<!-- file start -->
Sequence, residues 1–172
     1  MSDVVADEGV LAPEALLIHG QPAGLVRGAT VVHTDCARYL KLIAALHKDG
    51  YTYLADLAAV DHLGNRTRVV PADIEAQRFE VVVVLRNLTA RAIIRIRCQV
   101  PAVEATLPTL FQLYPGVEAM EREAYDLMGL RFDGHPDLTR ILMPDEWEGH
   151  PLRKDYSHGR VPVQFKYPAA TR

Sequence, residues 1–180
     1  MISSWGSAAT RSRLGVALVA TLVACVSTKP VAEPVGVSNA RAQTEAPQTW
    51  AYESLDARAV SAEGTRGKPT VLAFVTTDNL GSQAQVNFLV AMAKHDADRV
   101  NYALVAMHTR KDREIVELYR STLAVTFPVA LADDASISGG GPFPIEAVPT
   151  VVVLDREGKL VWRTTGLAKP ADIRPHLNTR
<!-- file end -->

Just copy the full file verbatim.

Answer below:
Sequence, residues 1–172
     1  MSDVVADEGV LAPEALLIHG QPAGLVRGAT VVHTDCARYL KLIAALHKDG
    51  YTYLADLAAV DHLGNRTRVV PADIEAQRFE VVVVLRNLTA RAIIRIRCQV
   101  PAVEATLPTL FQLYPGVEAM EREAYDLMGL RFDGHPDLTR ILMPDEWEGH
   151  PLRKDYSHGR VPVQFKYPAA TR

Sequence, residues 1–180
     1  MISSWGSAAT RSRLGVALVA TLVACVSTKP VAEPVGVSNA RAQTEAPQTW
    51  AYESLDARAV SAEGTRGKPT VLAFVTTDNL GSQAQVNFLV AMAKHDADRV
   101  NYALVAMHTR KDREIVELYR STLAVTFPVA LADDASISGG GPFPIEAVPT
   151  VVVLDREGKL VWRTTGLAKP ADIRPHLNTR